House Democrats narrowly clinched a landmark victory on a sweeping health care overhaul Saturday night, voting 220-215 to deliver President Barack Obama a key win on his No. 1 domestic priority.
The measure, which passed with only one Republican vote, represented six months of hard-fought compromises and deal-making among Democratic lawmakers.
Rep. Anh Joseph Cao (R-La.) was the sole Republican to vote in favor of the legislation. By voting for the bill, Cao denied Minority Whip Eric Cantor (R-Va.) the unanimous GOP vote he had sought against the bill.
Thirty-nine Democrats voted against the bill.
Obama issued a statement late Saturday praising the House for passing the health care bill.
Thanks to the hard work of the House, we are just two steps away from achieving health insurance reform in America, Obama said. Now the United States Senate must follow suit and pass its version of the legislation. I am absolutely confident it will, and I look forward to signing comprehensive health insurance reform into law by the end of the year.
Leaders continued high-stakes negotiations late into Friday night to break a potentially ruinous deadlock over abortion language and spent Saturday putting the finishing touches on locking down a bare majority of support for the package.
Two social policy disputes over abortion and immigration that emerged in recent weeks as major hang-ups for the majority lingered into Saturday evening, providing a final burst of drama in a debate that never lacked for it as Democrats struggled among themselves to craft the most ambitious remake of the health care system in a generation.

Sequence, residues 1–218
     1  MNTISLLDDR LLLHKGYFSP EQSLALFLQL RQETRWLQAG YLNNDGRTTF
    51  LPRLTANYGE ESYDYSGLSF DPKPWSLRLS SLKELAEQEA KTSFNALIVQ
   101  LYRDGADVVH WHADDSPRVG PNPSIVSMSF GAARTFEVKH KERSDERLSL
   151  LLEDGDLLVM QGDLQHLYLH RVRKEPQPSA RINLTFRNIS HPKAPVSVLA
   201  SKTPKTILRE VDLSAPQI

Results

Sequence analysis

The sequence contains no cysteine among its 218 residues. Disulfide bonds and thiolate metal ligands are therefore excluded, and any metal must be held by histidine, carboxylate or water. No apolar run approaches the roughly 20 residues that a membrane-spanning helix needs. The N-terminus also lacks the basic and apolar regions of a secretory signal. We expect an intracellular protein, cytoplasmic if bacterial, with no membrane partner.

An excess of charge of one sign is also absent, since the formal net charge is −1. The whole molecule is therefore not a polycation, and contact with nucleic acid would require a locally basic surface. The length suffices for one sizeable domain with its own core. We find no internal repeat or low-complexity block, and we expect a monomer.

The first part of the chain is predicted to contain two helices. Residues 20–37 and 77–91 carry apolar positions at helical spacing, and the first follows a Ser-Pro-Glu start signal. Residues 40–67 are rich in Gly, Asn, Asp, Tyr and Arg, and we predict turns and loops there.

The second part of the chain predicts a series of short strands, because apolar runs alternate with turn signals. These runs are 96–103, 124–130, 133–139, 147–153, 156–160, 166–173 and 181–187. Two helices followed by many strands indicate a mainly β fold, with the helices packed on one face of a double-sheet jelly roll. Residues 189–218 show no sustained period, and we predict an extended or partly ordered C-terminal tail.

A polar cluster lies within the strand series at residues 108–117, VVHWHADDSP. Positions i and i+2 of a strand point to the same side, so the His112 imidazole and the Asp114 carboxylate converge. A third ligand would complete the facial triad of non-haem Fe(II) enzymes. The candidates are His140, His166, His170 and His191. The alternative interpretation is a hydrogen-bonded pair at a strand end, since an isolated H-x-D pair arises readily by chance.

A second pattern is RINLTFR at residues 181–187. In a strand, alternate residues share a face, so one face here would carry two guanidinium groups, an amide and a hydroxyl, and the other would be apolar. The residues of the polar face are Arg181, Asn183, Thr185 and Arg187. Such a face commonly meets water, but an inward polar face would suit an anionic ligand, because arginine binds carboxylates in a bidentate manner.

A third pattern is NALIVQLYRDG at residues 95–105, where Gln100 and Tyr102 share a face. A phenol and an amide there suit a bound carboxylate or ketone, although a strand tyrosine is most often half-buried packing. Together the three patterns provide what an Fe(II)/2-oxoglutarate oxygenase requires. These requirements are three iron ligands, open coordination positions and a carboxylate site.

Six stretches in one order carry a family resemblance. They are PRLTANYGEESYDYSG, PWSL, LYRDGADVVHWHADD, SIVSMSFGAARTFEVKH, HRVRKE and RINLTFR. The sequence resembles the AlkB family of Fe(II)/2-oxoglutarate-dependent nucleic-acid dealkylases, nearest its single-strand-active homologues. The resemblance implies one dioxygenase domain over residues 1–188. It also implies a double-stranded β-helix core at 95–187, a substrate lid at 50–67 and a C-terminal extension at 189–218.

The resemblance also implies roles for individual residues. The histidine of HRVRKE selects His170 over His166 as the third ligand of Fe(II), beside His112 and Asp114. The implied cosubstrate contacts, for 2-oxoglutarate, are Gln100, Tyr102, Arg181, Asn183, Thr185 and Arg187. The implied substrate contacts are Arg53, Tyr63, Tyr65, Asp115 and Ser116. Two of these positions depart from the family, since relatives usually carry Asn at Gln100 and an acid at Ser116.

In the end, on abortion, anti-abortion Democrats won out against their majority of pro-abortion-rights colleagues when Republicans joined them to approve a change tightly restricting access to the procedure under new health care programs. That the amendment got a vote at all was a major victory for a small clutch of anti-abortion Democrats.
Rep. Bart Stupak (D-Mich.), the architect of the anti-abortion push, said a compromise had been negotiated with Speaker Nancy Pelosi (D-Calif.) on the abortion issue, but it fell apart Friday night after Pelosi said she could not get Pro-Choice Caucus Democrats to endorse it. Stupak said the compromise would have included a permanent ban on the public insurance option providing abortion coverage. But the compromise would have had just an annual ban that would have to be renewed on the private plans offered in the new national exchange, instead of the permanent ban lawmakers ended up endorsing.
The deal enraged abortion-rights supporters, who spent Saturday trying to find the votes to sink it. The Pro-Choice Caucus is furious and is going to do everything we can to defeat the Stupak amendment, Rep. Diana DeGette (D-Colo.) said, adding that Pelosi herself was furious, too. DeGette blasted the amendment as probably the biggest limitation on a womans right to have an abortion that she has seen in her career. This happened last night in the dead of night, she said.
But those lawmakers ultimately lined up behind the bill on final passage, reasoning that the broader package was too important to oppose and that they could fight to strip the language in conference negotiations with the Senate.
Rep. Elijah Cummings, D-Md., right, hugs Harold Schaitberger, General President of the International Association of Fire Fighters, after the Congressman spoke at the IAFF's Legislative Conference General Session at the Hyatt Regency on Capitol Hill, March 9, 2015. The day featured addresses by members of Congress and Vice President Joe Biden.